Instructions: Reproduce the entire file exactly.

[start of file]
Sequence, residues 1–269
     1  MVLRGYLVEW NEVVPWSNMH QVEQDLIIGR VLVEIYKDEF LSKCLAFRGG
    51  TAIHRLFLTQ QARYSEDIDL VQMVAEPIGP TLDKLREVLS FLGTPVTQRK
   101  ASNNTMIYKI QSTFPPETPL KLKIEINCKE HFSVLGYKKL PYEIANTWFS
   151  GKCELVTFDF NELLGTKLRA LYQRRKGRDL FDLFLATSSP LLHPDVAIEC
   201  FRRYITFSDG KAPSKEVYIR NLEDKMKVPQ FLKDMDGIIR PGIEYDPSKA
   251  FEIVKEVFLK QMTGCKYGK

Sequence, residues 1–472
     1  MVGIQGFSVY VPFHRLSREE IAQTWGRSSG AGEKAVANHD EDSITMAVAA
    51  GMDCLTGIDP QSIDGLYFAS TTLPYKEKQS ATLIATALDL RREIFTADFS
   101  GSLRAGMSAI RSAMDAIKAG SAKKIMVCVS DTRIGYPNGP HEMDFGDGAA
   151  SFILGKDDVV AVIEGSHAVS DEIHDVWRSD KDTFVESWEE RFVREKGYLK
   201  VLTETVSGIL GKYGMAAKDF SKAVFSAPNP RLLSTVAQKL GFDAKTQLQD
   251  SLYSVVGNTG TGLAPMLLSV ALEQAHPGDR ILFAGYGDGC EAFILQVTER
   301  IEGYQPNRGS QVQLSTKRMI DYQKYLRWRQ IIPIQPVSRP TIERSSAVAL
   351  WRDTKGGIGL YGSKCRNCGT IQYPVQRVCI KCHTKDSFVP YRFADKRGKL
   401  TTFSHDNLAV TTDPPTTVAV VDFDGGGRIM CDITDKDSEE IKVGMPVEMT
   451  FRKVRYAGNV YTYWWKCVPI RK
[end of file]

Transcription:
Sequence, residues 1–269
     1  MVLRGYLVEW NEVVPWSNMH QVEQDLIIGR VLVEIYKDEF LSKCLAFRGG
    51  TAIHRLFLTQ QARYSEDIDL VQMVAEPIGP TLDKLREVLS FLGTPVTQRK
   101  ASNNTMIYKI QSTFPPETPL KLKIEINCKE HFSVLGYKKL PYEIANTWFS
   151  GKCELVTFDF NELLGTKLRA LYQRRKGRDL FDLFLATSSP LLHPDVAIEC
   201  FRRYITFSDG KAPSKEVYIR NLEDKMKVPQ FLKDMDGIIR PGIEYDPSKA
   251  FEIVKEVFLK QMTGCKYGK

Sequence, residues 1–472
     1  MVGIQGFSVY VPFHRLSREE IAQTWGRSSG AGEKAVANHD EDSITMAVAA
    51  GMDCLTGIDP QSIDGLYFAS TTLPYKEKQS ATLIATALDL RREIFTADFS
   101  GSLRAGMSAI RSAMDAIKAG SAKKIMVCVS DTRIGYPNGP HEMDFGDGAA
   151  SFILGKDDVV AVIEGSHAVS DEIHDVWRSD KDTFVESWEE RFVREKGYLK
   201  VLTETVSGIL GKYGMAAKDF SKAVFSAPNP RLLSTVAQKL GFDAKTQLQD
   251  SLYSVVGNTG TGLAPMLLSV ALEQAHPGDR ILFAGYGDGC EAFILQVTER
   301  IEGYQPNRGS QVQLSTKRMI DYQKYLRWRQ IIPIQPVSRP TIERSSAVAL
   351  WRDTKGGIGL YGSKCRNCGT IQYPVQRVCI KCHTKDSFVP YRFADKRGKL
   401  TTFSHDNLAV TTDPPTTVAV VDFDGGGRIM CDITDKDSEE IKVGMPVEMT
   451  FRKVRYAGNV YTYWWKCVPI RK